ISS1 2018

Reservist Magazine is the award-winning official publication of the United States Coast Guard Reserve. Quarterly issues include news and feature articles about the men and women who comprise America's premier national maritime safety and security

Issue link:

Contents of this Issue


Page 34 of 59

spend most of his career at Brazos Station. By 1915, he had already advanced to Brazos Station's Number 1 Surfman (or boatswain's mate first class by later standards) and recognized by his superiors as "a very efficient man." Two years older than Valent, Surfman Holland joined the Life- Saving Service in 1915, the same year it became the modern U.S. Coast Guard. And Surfman Lopez began serving in 1919, only a few months after his discharge from the U.S. Army. He suffered from gas poisoning in World War I, an injury that would plague him till his early death in 1933. Unknown to these men, a tropical disturbance in the Lesser Antilles had spawned a storm, which grew rapidly into a Category 4 hurricane. The storm grazed the Florida Keys and slipped into the sheltered waters of the Gulf of Mexico. This hurricane later became known as the notorious "Florida Keys Hurricane," one of the top ten deadliest storms in U.S. history. In its path sailed numerous unsuspecting vessels, several of which would be lost with all hands. One of these ships, the 77-ton schooner Cape Horn, had been fishing far out in the Gulf. The storm descended on the schooner and its crew of eight the night of Saturday, Sept. 13, capsizing the vessel and flooding the hold. The crew managed to cut away the sails and rigging, allowing the mastless vessel to right itself. But for the next two days and nights, the crew had to man the bilge pumps non-stop to keep the hulk afloat. Meanwhile, the men clung to the foundering vessel as the storm pushed it toward the Texas coast. At daybreak on Tuesday, Sept. 16, the Brazos Station watchman spotted the Cape Horn in the distant, storm- tossed seas. She was lying low in the water with stumps left for masts, and it was obvious that the schooner was about to sink. Station Keeper Wallace Reed, Valent, Lopez, Holland and the rest of the boat crew knew quick action was required. They launched the surfboat in some of the worst sea conditions ever seen in the area. Huge waves broke as far as the eye could see, and the bar they had to pass to reach the Gulf was a cauldron of cross currents, roiling seas and angry whitewater. Nonetheless, the crew deployed its Type "E" 36-foot motor surfboat into the teeth of the storm. The Type E relied on oar power as well as an early internal combustion engine. Starting out in the storm-tossed surf, the craft rolled onto its beam-ends, throwing the men violently from side to side. The surfboat constantly shipped seas and flew over bruising combers. Several times the surfboat jumped clear of the seas to come crashing down into the trough below. A veteran of 20 years' service, Reed had never seen such dangerous and confused seas in his life. After battling the elements for two hours, Valent, Lopez, Holland and the rest of the men managed to reach the foundering schooner. Cape Horn's dispirited crew managed to hang-on even with heavy seas surging over the schooner's deck. To avoid wrecking the surfboat against the submerged vessel, the Brazos crew used their oars to accelerate the surfboat to the hulk in the interval between each breaker. Using this method, they snatched off the survivors one at a time, retreating before the next breaker and then returning for another victim. The lifesavers brought all eight survivors into the boat for the ride back to shore. Unfortunately, the return trip appeared more dangerous than the struggle to reach the ship. The lifeboat was overloaded with 15 men, and heavy seas formed huge breakers cascading onto the beach. Turning back was not an option, because the Cape Horn had slipped below the waves shortly after the last survivor was rescued. As the surfboat neared the shore, Keeper Reed found the surf pummeling the beach and had to choose a landing point two miles from his original embarkation point. Though crewmembers Valent, Lopez and Holland were skilled surfmen, the boat shipped seas constantly as huge waves boarded the surfboat from the stern. With his crew soaked and exhausted and the Cape Horn survivors clutching thwarts and gunnels for safety, the odds weighed heavily against a safe landing. Reed deployed the surfboat's drogue, a service-issued bucket-like device made of canvas and designed to work like a sea anchor. This contrivance controlled the boat's speed as it surfed over powerful waves and helped Reed keep the boat on course for the beach. Disaster struck within 100 yards of land when heavy seas burst the drogue. With huge breakers curling all around, loss of the drogue could propel the surfboat into the deadly surf, overturning the watercraft and killing or injuring those inside. In more than one such case, an entire surfboat crew had been drowned. But Valent, Lopez, Holland, Reed and the rest of the crew managed to hold the boat steady using their oars and, with the aid of the boat's engine, powered the boat on top of a towering wave headed for shore. Riding Pablo Valent shown later in his career as a chief bosun's mate. Coast Guard Collection Issue 1 • 2018 � RESERVIST 33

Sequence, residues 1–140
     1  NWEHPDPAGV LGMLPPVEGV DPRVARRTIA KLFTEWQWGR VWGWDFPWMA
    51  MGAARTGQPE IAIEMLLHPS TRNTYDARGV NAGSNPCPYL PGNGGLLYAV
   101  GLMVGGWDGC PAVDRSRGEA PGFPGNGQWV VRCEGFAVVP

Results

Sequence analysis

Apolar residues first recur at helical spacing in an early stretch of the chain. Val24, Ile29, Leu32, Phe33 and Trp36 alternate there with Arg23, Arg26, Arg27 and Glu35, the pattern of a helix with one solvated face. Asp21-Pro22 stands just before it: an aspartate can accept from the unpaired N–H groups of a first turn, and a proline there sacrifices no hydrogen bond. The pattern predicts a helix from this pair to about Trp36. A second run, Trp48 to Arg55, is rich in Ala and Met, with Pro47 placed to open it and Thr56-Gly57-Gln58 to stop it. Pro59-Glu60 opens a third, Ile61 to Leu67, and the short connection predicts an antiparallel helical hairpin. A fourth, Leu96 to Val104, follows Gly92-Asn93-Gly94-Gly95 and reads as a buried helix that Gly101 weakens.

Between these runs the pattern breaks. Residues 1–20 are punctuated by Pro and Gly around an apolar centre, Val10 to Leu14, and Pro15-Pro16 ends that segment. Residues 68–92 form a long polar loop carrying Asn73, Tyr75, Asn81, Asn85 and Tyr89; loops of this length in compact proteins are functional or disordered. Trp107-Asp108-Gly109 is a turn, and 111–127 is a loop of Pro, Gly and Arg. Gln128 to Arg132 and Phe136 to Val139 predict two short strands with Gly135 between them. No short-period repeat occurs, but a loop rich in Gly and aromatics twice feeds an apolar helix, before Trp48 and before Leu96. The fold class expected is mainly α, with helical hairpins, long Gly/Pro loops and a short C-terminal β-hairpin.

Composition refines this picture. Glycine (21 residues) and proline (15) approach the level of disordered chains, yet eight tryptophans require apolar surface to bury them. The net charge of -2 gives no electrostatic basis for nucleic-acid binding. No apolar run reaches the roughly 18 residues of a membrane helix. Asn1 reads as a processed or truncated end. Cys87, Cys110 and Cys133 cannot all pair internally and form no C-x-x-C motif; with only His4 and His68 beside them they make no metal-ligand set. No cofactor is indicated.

Articles in this issue

Archives of this issue

view archives of Reservist - ISS1 2018